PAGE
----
Host Misa Miyagawa with her Tottori counterpart in introducing Tottori Pink Curry. I couldn’t help focusing my attention on the crabby hats they wore.. Looks like two walking yummy crabs! Gosh, I was drooling :P…

However, according to our host, Risa Miyagawa, Brilliant Associates could have co-related the four sisters’ ‘華麗’ (pronounced similar to ‘curry’ in Japanese) dresses to curry, hence using them on their packaging.

Nevertheless, this certainly reminds me of Western Australia’s Lake Hillier! So how does it taste like? Don’t expect it to go anywhere near the spiciness of an Indian curry, more towards Japanese curry naturally, slightly sweeter in my opinion, and very much retaining the same savoury.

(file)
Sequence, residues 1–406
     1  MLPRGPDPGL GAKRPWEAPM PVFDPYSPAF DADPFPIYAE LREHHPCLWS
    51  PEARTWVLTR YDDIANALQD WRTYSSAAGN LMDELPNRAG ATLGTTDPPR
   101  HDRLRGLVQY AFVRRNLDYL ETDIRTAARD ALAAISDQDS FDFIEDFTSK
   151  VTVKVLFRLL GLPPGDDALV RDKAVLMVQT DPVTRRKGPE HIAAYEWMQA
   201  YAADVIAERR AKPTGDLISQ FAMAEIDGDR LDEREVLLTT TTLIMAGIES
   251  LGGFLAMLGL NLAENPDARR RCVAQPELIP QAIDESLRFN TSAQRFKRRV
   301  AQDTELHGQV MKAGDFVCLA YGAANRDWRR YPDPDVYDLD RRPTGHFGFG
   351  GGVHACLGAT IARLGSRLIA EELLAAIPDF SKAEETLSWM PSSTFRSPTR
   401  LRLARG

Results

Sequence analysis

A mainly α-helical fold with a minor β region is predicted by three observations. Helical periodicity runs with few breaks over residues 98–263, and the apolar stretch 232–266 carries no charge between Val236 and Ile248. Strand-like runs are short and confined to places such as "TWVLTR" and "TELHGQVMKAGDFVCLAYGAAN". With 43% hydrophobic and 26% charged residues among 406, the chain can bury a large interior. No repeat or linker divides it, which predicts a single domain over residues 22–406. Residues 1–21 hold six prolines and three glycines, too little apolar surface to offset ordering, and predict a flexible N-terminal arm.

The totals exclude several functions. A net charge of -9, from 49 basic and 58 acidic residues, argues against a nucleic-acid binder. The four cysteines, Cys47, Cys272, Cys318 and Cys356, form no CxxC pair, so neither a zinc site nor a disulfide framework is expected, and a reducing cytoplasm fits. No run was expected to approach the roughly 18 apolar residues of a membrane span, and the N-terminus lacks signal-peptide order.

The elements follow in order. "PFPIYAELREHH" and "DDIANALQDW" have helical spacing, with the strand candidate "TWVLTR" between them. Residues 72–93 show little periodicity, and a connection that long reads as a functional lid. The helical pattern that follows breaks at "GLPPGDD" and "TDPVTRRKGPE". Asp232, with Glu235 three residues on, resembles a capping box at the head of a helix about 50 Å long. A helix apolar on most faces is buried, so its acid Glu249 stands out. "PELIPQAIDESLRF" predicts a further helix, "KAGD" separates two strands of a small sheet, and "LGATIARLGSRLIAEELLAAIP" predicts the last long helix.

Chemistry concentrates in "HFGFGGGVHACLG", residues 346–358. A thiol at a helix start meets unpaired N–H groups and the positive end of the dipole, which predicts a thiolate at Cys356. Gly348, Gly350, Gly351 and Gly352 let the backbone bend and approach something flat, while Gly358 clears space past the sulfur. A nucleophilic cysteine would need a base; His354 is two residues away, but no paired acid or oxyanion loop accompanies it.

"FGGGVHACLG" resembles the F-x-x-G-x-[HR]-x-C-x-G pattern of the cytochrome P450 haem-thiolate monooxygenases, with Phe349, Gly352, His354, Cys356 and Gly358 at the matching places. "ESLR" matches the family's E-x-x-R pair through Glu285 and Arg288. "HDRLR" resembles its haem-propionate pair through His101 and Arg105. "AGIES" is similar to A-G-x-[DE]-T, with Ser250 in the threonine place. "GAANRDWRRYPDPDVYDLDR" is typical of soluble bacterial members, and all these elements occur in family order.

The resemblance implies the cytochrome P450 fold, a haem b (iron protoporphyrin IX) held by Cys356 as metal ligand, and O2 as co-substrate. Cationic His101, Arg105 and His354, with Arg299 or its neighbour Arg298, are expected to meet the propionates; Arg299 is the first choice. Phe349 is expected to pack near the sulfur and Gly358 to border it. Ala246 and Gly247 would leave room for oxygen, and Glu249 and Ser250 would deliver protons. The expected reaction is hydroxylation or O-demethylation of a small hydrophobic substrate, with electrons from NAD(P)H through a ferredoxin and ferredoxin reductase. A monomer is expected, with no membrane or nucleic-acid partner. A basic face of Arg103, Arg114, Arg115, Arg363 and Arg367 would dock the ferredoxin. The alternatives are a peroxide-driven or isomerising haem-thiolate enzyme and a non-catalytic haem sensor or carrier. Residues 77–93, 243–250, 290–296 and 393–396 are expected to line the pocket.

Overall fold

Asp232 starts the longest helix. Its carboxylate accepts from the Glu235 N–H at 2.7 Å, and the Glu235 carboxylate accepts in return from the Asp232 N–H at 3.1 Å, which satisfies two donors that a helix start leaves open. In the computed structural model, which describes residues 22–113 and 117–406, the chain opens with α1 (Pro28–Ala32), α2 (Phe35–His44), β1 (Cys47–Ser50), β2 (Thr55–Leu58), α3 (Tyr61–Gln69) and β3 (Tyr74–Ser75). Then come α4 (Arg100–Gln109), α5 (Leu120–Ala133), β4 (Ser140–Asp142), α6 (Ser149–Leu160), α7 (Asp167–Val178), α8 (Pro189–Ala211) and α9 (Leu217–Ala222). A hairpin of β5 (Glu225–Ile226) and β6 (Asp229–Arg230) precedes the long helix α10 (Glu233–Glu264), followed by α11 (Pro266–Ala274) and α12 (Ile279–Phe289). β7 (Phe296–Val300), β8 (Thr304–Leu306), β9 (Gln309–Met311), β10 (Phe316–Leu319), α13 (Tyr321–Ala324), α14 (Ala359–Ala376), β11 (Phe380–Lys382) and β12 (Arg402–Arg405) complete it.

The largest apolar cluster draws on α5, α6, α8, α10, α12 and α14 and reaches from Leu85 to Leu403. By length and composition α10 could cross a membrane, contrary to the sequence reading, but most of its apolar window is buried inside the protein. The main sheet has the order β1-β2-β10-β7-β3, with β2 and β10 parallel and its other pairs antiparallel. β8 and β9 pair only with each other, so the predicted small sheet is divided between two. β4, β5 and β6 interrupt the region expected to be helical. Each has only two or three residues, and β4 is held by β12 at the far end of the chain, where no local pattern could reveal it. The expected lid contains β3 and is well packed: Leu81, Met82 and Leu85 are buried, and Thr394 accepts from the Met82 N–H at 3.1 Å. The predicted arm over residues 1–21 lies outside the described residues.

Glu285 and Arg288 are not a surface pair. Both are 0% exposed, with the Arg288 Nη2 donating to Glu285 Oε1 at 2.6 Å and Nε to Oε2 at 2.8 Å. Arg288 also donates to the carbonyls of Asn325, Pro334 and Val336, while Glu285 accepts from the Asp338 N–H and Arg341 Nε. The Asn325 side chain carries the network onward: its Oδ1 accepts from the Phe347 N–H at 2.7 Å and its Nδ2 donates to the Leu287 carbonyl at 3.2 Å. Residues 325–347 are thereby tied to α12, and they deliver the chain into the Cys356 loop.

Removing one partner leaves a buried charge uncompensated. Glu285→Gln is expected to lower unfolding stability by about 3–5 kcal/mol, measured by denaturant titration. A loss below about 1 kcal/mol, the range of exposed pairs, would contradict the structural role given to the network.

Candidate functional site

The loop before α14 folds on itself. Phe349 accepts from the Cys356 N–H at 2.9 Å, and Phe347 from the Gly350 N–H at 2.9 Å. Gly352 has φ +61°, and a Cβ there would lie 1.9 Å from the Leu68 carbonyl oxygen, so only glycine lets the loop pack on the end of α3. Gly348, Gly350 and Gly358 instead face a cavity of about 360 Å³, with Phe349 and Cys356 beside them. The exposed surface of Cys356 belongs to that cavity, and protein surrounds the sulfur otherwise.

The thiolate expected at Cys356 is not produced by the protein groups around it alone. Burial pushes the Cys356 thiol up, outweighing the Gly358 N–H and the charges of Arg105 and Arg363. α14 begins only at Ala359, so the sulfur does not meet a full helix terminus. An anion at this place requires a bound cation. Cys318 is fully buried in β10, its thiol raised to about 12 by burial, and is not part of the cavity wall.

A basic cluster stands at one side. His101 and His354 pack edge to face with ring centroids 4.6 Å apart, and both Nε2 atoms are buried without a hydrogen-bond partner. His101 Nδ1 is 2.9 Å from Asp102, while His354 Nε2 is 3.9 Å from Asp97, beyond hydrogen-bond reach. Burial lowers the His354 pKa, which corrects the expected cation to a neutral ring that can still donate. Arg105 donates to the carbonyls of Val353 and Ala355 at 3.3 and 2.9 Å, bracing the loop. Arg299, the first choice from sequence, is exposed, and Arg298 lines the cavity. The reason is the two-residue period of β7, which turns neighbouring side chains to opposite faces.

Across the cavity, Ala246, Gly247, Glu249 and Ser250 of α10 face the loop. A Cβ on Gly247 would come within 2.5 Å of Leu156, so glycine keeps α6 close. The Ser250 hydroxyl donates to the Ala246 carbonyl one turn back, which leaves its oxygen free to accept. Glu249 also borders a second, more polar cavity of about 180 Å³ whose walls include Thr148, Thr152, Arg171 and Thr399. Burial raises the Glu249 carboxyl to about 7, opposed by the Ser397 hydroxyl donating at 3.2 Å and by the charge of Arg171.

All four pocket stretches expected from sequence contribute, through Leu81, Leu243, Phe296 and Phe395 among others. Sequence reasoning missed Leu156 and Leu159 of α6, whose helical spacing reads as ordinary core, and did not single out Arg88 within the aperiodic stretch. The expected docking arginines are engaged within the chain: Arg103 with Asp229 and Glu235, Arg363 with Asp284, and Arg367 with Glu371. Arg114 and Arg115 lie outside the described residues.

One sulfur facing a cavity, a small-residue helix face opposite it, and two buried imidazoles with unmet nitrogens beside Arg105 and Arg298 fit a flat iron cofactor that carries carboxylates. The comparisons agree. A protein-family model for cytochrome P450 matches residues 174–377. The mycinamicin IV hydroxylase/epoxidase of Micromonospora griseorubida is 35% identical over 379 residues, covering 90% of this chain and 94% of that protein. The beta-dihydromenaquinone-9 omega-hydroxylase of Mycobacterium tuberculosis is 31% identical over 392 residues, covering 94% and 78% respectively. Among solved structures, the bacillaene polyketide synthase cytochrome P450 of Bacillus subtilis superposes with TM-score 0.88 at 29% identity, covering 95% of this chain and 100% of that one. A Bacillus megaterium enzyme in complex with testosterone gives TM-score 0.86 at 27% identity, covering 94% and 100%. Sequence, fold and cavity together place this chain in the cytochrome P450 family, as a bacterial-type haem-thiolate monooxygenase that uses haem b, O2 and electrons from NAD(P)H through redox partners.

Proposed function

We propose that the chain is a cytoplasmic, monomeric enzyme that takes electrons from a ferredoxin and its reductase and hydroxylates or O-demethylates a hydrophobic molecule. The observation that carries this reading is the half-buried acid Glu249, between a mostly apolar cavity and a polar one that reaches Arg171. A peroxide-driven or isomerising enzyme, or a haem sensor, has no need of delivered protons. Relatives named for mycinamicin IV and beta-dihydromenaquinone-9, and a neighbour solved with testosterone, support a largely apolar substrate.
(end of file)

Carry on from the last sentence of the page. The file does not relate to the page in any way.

We were also served some sake samples as our host continued her presentation, believing to be Nokyo (野花) Ume sake, a plum wine. I understand that the plum used in Nokyo is of a very special species, grown only in specific area in Tottori. Upon ripen, it is then soaked in sake barrel of Junmai sake for more than 2 years, giving the sake a rather fruity aroma. It is recommended that the sake serve chilled (5-10°C) on the rock, or warm (40-60°C). We were first offered chilled Nokyo, I noted its fruitiness. Pardon me, I ain’t a sake drinker, am afraid that’s all I can describe about it. Minutes later, we were served Nokyo again, this time warm. Interestingly, now it exudes a very intense fragrance and rich aftertaste, a complete contrast to what I had just tried a little while ago. Am I really trying the same wine? You bet. Such is the characteristic of Nokyo.

Find out more from Umetsu Shuzo (梅津酒造) if interested.

新甘泉from Hirooka Farm in Tottori

Any Tottori event is not complete without trying out their famous pear, though in this case, not the 20th Century Pear we know. Ladies and gentlemen, let me present… Shinkansen!